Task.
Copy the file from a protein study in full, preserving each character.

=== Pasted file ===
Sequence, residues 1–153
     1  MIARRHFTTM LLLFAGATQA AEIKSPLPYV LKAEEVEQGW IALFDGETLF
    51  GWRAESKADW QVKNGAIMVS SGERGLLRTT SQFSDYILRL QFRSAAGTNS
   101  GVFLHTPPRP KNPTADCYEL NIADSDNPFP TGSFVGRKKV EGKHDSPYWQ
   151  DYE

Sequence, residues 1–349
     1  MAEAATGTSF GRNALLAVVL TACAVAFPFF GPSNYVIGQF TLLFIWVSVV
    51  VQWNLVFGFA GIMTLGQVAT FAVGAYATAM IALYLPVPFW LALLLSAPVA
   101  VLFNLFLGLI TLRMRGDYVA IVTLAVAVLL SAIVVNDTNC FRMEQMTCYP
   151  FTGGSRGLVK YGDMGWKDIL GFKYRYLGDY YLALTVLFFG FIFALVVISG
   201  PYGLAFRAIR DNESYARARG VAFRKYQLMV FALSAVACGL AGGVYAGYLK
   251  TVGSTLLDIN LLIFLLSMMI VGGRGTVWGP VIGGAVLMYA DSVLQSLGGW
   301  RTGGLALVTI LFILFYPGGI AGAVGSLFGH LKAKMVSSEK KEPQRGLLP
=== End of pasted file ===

Sequence, residues 1–153
     1  MIARRHFTTM LLLFAGATQA AEIKSPLPYV LKAEEVEQGW IALFDGETLF
    51  GWRAESKADW QVKNGAIMVS SGERGLLRTT SQFSDYILRL QFRSAAGTNS
   101  GVFLHTPPRP KNPTADCYEL NIADSDNPFP TGSFVGRKKV EGKHDSPYWQ
   151  DYE

Sequence, residues 1–349
     1  MAEAATGTSF GRNALLAVVL TACAVAFPFF GPSNYVIGQF TLLFIWVSVV
    51  VQWNLVFGFA GIMTLGQVAT FAVGAYATAM IALYLPVPFW LALLLSAPVA
   101  VLFNLFLGLI TLRMRGDYVA IVTLAVAVLL SAIVVNDTNC FRMEQMTCYP
   151  FTGGSRGLVK YGDMGWKDIL GFKYRYLGDY YLALTVLFFG FIFALVVISG
   201  PYGLAFRAIR DNESYARARG VAFRKYQLMV FALSAVACGL AGGVYAGYLK
   251  TVGSTLLDIN LLIFLLSMMI VGGRGTVWGP VIGGAVLMYA DSVLQSLGGW
   301  RTGGLALVTI LFILFYPGGI AGAVGSLFGH LKAKMVSSEK KEPQRGLLP